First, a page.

November 26, 1999, 18:16 Re: HELP..3D-pump optimizing using FLUENT/ GAMBIT #12 jurek Guest   Posts: n/a recently I heard from a cfd-guru: the calculation of a (centrifugal-) pump is more complicated than a whole airplane.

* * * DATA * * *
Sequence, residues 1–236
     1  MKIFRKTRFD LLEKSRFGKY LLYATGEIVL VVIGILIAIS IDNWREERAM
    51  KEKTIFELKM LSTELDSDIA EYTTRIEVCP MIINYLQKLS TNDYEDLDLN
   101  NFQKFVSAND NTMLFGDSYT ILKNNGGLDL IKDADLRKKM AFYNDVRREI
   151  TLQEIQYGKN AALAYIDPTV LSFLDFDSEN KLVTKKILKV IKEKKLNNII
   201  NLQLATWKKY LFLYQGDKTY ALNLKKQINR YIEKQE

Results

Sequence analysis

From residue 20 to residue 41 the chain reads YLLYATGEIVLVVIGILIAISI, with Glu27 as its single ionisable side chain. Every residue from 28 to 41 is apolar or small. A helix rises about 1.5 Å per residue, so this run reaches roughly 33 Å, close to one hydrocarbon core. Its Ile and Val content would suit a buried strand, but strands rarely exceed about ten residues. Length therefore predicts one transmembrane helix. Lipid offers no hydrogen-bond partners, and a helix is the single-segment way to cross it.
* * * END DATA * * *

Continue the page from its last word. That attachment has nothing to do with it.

November 26, 1999, 22:55 Re: HELP..3D-pump optimizing using FLUENT/ GAMBIT #13 John Chien Guest   Posts: n/a (1). I would say he is right. (2). 3-D turbulent, internal flow with separation is very complicated. (3). In the airplane aerodynamics, the free stream is always uniform and the only problem is the boundary layer on the wings and fuselage. (4). There will be flow separation at transonic speed and high angle of attack. But those are exceptions. Inviscid codes and boundary layer codes used to be good enough for the aircraft aerodynamic design. I would say these codes are still being used, even though Navier-Stokes solutions for a full configuration has been in use for over ten years. (5). So, don't under-estimate the degree of difficulty related to the simple pumps.